The Minister goes on to point out the unemployment stagnation, and cumulative distress that must follow such acts, and declares that the economic weapon is being used to force the people to reject the Treaty and enter upon a hopeless and unnecessary war with England.

Gaelic revival 

If Ireland be wise, and her sons do not throw her back into a whirl of chaos and anarchy and lay her once more an easy prey to conquest, the Gaelic revival is assured within the lifetime of the present generation.

Our children will soon be using their own tongue as the medium of learning the arts and sciences: though it will be disclosed to them the knowledge of other peoples and lands, and of the things that concern their own.

Our Gaelic contribution on page two this week is an inspiring study. Apart from the material aspect that 560 teachers studying at local centres have in small measure compensated for the loss of the races, the fact has emerged that Galway can become the greatest centre of Gaelic culture in Ireland.

The ceilidhthe and scoraidheachta held at various centres have been the wonder and delight of our visitors, some of whom have come from the Capital of the “Black North” to learn their mother tongue at its fountain head.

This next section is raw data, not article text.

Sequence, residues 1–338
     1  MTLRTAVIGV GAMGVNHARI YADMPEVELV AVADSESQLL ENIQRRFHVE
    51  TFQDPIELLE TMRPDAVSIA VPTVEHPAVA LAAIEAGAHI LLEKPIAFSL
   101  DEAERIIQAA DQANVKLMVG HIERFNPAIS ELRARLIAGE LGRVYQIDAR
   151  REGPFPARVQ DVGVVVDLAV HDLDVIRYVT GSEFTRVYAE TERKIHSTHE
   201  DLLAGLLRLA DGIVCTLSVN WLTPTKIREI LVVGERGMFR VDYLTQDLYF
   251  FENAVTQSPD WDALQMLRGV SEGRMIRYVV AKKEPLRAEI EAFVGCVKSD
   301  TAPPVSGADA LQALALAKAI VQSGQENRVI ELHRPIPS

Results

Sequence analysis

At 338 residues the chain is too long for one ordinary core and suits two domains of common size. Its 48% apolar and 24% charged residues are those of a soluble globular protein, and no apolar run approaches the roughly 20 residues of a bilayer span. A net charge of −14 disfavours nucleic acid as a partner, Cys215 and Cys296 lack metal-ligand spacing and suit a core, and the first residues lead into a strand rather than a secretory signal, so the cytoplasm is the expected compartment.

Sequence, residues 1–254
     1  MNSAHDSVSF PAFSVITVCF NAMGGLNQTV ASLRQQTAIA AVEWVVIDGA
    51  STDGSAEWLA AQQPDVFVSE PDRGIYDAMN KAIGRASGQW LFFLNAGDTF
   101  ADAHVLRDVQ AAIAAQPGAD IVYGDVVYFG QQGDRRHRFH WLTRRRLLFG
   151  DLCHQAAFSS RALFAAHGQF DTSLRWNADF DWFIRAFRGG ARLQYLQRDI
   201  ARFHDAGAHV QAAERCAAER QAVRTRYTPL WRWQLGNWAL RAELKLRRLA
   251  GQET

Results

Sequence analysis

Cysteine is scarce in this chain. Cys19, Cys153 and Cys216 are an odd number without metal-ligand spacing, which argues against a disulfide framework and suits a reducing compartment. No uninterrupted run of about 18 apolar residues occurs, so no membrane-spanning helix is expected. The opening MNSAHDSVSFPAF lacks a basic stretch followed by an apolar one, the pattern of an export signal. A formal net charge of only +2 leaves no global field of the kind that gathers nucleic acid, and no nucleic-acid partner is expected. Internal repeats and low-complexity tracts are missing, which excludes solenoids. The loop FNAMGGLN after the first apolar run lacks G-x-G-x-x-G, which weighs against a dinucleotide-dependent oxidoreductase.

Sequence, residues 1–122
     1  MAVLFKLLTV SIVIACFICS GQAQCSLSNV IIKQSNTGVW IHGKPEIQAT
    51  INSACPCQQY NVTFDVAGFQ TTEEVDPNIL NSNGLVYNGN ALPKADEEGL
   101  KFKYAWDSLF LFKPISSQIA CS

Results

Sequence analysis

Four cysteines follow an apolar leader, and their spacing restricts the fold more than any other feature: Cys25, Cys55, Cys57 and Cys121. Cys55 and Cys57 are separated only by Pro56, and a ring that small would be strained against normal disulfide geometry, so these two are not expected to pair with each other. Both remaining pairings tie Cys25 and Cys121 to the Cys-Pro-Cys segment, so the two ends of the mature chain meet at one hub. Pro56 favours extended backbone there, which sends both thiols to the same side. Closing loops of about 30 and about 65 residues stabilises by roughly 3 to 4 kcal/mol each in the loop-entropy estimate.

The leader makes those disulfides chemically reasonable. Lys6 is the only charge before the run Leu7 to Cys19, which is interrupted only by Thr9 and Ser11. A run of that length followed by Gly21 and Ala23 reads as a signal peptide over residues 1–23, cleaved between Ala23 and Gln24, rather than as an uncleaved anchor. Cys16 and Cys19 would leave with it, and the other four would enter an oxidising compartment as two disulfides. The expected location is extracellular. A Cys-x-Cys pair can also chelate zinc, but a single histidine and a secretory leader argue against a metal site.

For more, read this week’s Connacht Tribune.

Connacht Tribune Digital Edition App

Download the Connacht Tribune Digital Edition App to access to Galway’s best-selling newspaper.

Click HERE to download it for iPhone and iPad from Apple’s App Store, or HERE to get the Android Version from Google Play.

Or purchase the Digital Edition for PC, Mac or Laptop from Pagesuite  HERE.

Get the Connacht Tribune Live app
The Connacht Tribune Live app is the home of everything that is happening in Galway City and county. It’s completely FREE and features all the latest news, sport and information on what’s on in your area. Click HERE to download it for iPhone and iPad from Apple’s App Store, or HERE to get the Android Version from Google Play.